13. I remember in the late 80’s returning from my photo shoots and dropping my chromes at USA Today’s front office in DC.
    The tic tac of time for the film to be process had to be one of the worse feelings for any photographer. Once my fresh dry film was out of the darkroom and safe on the editors light table, then I could be me.

    Until that moment it had been a full roller coaster of emotions, x fingers and prayers. Did I screw up? Was the light perfect? My best frame sharp…will they call me again?

    But once that film rested nicely, warmly and dry on that glossy light table it was HALLELUJAH! Then finally my breathing would get back to normal while my fast racing heart had shifted from 5th gear all the way down to 2nd and 1st gear.
    But those days, when only our eyes were the only window of LCD, did teach me discipline and to get the shoot right and ready for my clients.

    With the arrival of top digital gears those days seem like so far behind, or the way we feel when we watch “Gone With the Wind” or “Citizen Kane.”

    Yet still today all my fine arts, doc work and some gigs are done with black and white film.
    There is something special about personal work and fine arts.
    Maybe is the ghost of Ansel Adams, W.E. Smith, Weston, Lange, Cartier-Bresson and tthose masters. Or maybe.. just maybe.. it has to do with pre focus, F8 and really be there.

    Manuello Paganelli
    Los Angeles CA

  14. Very interesting & thought-provoking article. I too have grappled with this ‘tension’ for a LONG LONG TIME ….

    I’ve taken a slightly different approach to get to the ‘root’ of the problem … Started ‘pinholing’ a decade ago. Make all my own cameras now, do my own darkroom work and never use FILM, just work with light sensitive paper & the Sun. One shot per box. It has been a TREMENDOUS addition to my interaction with Time & Space. Absolutely MUST slow down and LOOK carefully, quietly, attentively. It has completely redefined my relationship to the ‘external’ world. Overall, this process has made me much more ‘accepting’, and less ‘demanding’ of ‘what’s out there’. This has been a Life-enhancing & important ‘adjustment’ to my ‘other’ photography & fine art work.

    For me though, the PROBLEM with photography as a ‘creative process’ is that, AT CORE, it is still all about ‘taking’, not ‘making’, regardless of all the post ‘moment-is-us’ song & dance … Meaning, how many photographers will ADMIT the SUPERIOR eye-hand-mind co-ordination required by a ‘simple’ artist using just a pencil? In my experience, very very few. The gluttonous & insatiable hunger for NEW images endlessly feeds feeble imaginations. The dialectic and the FLOW is consumptive, not creative. And that, at core, is the EXISTENTIAL PROBLEM, from my p.o.v.

    Photographic manufacturers, in particular, and ‘mass media’, in general, cater to our innate hubris, arrogance & insecurities. Let’s not kid ourselves here. Ain’t nothing very ‘zen’ about any of it … imho.

    Best to you.

    • @canadada, Nicely stated. Reminds me why I continue to draw. I started out in fine art, with painting and drawing. That foundation and approach is still there in my commercial photography. I could go to a location and paint or draw it, or photograph it.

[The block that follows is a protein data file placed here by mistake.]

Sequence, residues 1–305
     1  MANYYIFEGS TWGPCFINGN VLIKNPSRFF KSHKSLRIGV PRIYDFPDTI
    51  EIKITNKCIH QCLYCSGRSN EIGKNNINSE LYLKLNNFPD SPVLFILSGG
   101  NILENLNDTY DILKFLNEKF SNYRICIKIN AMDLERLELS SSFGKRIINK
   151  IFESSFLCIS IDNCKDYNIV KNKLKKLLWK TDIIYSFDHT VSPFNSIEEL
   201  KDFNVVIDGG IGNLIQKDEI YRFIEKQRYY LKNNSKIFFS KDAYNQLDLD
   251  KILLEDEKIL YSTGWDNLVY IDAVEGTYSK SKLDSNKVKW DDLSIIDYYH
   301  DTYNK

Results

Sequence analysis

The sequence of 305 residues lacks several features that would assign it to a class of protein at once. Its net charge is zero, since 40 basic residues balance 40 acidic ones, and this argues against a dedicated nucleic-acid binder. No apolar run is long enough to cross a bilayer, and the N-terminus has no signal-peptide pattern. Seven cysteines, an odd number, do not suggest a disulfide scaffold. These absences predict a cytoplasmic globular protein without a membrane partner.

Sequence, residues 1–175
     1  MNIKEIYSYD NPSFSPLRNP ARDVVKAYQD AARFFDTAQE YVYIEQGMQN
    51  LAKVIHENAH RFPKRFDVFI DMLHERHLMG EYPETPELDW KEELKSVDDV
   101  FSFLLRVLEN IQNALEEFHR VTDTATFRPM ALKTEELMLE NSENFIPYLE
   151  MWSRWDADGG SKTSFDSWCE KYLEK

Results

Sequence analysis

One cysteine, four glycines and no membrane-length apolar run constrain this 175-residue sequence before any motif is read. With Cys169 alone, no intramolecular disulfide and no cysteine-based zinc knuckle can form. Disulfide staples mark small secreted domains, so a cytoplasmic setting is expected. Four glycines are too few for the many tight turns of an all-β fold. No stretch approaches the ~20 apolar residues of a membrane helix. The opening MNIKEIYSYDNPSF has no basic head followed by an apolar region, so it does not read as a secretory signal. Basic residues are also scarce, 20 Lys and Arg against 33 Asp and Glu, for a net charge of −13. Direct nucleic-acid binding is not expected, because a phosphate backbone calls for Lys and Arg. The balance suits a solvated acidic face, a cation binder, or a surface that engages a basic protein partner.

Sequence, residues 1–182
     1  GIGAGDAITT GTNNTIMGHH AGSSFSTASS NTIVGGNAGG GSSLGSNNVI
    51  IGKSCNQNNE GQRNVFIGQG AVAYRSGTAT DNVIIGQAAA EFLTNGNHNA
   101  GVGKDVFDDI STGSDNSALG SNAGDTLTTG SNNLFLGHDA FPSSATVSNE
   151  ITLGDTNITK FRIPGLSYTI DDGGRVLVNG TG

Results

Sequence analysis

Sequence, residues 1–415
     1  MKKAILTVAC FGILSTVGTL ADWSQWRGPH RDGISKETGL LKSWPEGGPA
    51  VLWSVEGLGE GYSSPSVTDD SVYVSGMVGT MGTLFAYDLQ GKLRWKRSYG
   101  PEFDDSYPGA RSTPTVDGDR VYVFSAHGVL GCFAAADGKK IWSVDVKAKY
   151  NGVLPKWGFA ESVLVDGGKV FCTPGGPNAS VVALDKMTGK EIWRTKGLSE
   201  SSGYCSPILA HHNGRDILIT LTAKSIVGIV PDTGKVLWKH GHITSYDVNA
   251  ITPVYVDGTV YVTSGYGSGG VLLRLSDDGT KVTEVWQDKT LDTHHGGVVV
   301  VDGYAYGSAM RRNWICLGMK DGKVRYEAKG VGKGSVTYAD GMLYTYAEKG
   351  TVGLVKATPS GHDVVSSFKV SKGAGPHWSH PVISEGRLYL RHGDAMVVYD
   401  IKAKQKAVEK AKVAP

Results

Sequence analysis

• scott Rex Ely

          @canadada, “The gluttonous & insatiable hunger for NEW images endlessly feeds feeble imaginations.”
          I love that . I would add, with an entitlement mentality. I think there is some duality there on the part of the viewing audience as well. Another troubling aspect to digital, is the idea that once we get something to stick after throwing useless garbage at the wall, frame, after frame, after frame, we can simply just go back and decipher the data and apply it like it’s a plug-in for our new found aesthetic. Not a very organic learning process in my mind. More of a prosthetic aesthetic. Thanks for sharing.

          • @scott Rex Ely, I’m not so sure I would subscribe to the ‘elitist’ argument, ie. entitlement mentality. There is no question that the medium has redefined much of how we ALL think. Subject or object.

            Just yesterday I was chatting with a seasoned photog who said sometimes he feels in a ‘black & white’ mood, sometimes ‘colour’ … well, that got me thinking. What EXACTLY is he saying here? Are our THOUGHTS black & white? No, they aren’t.

            Maybe he is trying to articulate a distinction between the subtle calibrations of thought-filled FEELINGS? Perhaps he is suggesting that ‘b&w’ (or monotone) are more indicative of a ‘reasoning’, distanced, more ‘objective’ MIND and that, on the other hand, ‘colour’ represents the solicitations and shaded manifestation of EMOTIONS? Not sure.

            What I find MORE fascinating is that he was so quick to use the visible spectrum to describe his overall State of Being, ie. ‘mood’. I, personally, would have expected a greater overall ‘objectivity’. But again, I think this is indicative of how deeply photography has become an extension of our Selves.

            In that sense, it IS increasingly organic … (though I did like your turn of phrase – “of a prosthetic aesthetic”….)

            It’s, in part, why I find ‘older’ people so fascinating. They literally THINK differently. They have not had the same plug-in, add-on “prosthetic aesthetics”.

            The only comparable un-plugged ‘mind set’ can be found in those who can’t afford the technology, or just aren’t interested …

            Best to you.

            • @canadada, The camera points both ways. If one were an elitist, then that would come through in the images, regardless of camera in use. I don’t buy into that suggestion either; there is no entitlement mentality apparent amongst the photographers I know.